Superman tries to convince the Fellowship to quit worshiping him, before going to take off.  Before he can get off the ground, however, he is stopped by a very familiar voice!  A voice that claims to be both God and the Devil.  The voice... of Darkseid!

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Well, it took us thirty-six weeks, and seventy-two pages... but we now finally know what we're up against.  And well, that's it.  All this was was a reveal.  It's a doozy of a reveal, don't get me wrong... but, there really isn't all that much more to say about it.  It's Darkseid.  Cool?

Stop me if you've heard this one before... hopefully, now that we're getting some answers... something might finally happen in this strip!  Just like our Man of Steel above... I'm not holding my breath.

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We open during a graduation... I was going to assume this was for college, considering the age of the graduates... then, a few panels in, I thought it might be the police academy,  but we're going to learn that it's a more specialized institution.  Whatever the case, our Phantom Lady and her friend are waiting to hear their names called... and make it known to the reader that they ain't wearing anything but their guns under the gown.  Not sure what the point of that is... but, we'll allow it.  We jump ahead several weeks to Dee reuniting with her daddy... an Attorney General in Washington, D.C.  He's happy to see her, and introduces her to his aide, Roger Richter before kicking them both out of his office.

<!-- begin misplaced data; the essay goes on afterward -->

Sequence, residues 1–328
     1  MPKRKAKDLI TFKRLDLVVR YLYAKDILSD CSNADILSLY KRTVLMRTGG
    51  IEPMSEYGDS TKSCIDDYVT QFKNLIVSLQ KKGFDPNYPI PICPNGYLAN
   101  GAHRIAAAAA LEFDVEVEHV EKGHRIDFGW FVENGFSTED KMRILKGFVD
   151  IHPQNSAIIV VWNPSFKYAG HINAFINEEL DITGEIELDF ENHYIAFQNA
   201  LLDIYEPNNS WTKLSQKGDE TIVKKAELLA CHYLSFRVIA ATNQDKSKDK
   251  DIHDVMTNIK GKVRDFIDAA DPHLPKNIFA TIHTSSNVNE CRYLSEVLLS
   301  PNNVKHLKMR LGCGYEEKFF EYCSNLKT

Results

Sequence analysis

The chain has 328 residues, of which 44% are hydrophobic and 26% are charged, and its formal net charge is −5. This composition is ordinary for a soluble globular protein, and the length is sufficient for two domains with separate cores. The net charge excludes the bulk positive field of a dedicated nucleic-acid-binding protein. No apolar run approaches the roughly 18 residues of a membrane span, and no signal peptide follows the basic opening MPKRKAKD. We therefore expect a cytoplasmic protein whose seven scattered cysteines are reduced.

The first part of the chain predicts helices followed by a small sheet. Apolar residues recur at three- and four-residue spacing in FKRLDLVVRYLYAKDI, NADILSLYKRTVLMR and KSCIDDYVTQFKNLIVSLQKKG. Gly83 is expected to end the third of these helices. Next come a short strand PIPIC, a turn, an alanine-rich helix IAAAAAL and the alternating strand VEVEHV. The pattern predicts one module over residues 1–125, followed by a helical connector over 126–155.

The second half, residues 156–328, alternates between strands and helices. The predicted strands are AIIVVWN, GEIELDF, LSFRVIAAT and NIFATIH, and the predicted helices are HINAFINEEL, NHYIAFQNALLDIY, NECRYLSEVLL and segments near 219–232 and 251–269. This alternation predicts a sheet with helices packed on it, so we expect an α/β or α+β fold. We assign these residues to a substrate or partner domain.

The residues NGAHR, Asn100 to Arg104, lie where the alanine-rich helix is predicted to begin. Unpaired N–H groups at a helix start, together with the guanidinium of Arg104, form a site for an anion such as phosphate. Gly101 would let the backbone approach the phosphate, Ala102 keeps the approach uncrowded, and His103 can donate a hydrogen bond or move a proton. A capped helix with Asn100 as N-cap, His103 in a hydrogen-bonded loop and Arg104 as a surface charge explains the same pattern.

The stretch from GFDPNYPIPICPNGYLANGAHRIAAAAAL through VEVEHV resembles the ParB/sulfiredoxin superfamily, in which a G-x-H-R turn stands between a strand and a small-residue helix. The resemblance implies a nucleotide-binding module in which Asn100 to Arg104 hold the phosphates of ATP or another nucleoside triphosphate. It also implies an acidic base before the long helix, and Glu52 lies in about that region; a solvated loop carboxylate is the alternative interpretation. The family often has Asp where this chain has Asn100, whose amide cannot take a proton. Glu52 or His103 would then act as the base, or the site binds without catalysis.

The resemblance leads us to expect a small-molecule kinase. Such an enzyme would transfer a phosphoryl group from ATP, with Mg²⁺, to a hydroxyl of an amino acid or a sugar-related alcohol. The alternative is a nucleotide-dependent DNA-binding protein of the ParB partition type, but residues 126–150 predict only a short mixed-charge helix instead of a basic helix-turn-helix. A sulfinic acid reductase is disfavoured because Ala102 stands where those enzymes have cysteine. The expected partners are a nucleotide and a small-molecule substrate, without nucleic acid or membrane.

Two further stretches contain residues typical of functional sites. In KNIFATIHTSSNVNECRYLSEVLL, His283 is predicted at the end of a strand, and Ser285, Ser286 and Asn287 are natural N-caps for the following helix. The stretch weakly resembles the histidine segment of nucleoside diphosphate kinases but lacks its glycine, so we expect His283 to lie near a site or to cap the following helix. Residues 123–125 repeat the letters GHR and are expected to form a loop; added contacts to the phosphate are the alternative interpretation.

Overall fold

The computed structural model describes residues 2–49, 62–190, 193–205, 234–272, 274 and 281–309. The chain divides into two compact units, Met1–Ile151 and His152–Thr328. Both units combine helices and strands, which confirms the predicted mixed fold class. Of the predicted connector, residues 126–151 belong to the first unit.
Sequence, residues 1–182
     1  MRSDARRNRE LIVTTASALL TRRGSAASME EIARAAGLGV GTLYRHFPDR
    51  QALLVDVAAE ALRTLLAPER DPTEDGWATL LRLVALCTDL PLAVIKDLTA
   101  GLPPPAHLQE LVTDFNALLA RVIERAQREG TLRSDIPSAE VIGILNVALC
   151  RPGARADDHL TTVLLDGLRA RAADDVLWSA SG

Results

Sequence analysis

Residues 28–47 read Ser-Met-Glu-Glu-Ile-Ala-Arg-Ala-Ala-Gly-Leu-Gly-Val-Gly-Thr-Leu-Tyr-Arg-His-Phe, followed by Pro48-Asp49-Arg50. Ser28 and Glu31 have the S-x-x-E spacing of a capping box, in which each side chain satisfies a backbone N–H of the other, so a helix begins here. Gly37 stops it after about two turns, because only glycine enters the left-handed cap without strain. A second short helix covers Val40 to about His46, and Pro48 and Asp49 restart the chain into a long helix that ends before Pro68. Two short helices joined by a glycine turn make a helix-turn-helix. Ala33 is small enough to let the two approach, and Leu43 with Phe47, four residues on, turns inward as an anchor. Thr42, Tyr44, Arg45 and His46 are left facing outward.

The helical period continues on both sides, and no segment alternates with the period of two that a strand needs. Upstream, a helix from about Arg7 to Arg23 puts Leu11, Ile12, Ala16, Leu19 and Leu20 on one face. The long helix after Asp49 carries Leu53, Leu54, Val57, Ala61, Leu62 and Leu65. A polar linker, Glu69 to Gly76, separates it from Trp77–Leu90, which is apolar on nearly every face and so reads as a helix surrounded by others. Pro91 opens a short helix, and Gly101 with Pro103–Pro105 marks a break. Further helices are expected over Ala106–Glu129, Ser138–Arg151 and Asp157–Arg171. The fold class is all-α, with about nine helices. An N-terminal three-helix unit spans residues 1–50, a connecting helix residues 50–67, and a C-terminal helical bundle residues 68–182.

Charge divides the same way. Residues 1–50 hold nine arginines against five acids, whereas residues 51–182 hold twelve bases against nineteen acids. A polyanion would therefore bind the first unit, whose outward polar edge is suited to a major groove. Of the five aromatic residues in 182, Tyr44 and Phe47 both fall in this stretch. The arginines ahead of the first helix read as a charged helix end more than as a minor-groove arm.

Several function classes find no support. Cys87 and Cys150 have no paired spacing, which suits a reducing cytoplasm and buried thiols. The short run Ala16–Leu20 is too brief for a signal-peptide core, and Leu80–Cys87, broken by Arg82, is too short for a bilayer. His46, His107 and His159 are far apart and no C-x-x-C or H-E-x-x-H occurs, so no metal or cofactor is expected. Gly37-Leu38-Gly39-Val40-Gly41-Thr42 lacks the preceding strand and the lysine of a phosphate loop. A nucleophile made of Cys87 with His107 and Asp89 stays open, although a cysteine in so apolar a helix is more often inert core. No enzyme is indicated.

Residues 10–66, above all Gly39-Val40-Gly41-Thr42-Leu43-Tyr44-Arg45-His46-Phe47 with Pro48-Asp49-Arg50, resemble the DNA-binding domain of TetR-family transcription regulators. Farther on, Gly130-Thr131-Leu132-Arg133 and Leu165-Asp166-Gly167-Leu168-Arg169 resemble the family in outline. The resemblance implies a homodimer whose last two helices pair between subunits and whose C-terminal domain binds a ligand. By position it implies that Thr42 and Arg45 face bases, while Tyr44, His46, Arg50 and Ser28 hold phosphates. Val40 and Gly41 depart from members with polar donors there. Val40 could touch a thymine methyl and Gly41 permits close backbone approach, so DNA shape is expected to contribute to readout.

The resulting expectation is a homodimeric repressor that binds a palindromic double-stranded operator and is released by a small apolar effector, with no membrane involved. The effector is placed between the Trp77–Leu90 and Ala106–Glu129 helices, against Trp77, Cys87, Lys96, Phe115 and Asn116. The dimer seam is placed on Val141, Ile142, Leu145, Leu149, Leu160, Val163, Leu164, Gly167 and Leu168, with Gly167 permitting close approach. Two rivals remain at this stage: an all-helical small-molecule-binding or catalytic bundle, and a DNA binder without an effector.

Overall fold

In the hallway, Dee and Rog become a little more acquainted... with the latter informing the former that her daddy's been acting pretty weird lately.  Also, something about an "arms deal" that I'm guessing we'll find out more about before long.  Before he can explain, however, they are interrupted by the arrival of Edwin Guerrehart, a D.C. lobbyist, and his "heavy" a caveman-looking bruiser named Gronk.  From the sounds of it, Edwin seems to have a lot of influence in the beltway... he even beat a manslaughter charge!  The lobbyist bursts into Dee's Daddy's office.



Dee waits outside for the meeting to wrap, and as Edwin and Gronk make their exit, she trips them up with an umbrella.  She then jams the point of the thing into the back of Guerrehart's neck, promising to run it right through if he makes the slightest move.  She threatens him to back off.


We wrap up with Dee reuniting with an old friend (and her new roommate), Sarah Somethin-or-nother.  She a student at Georgetown... and, that's about all we know.  Anyhoo, that night, Dee practices her yoga or tai chi... or whatever it is she's doing, before asking if she can "use" some of the leftover boards from their new IKEA furniture.  After getting the thumbs up, Dee savata kicks right through one of em... before asking if she can next use the bricks.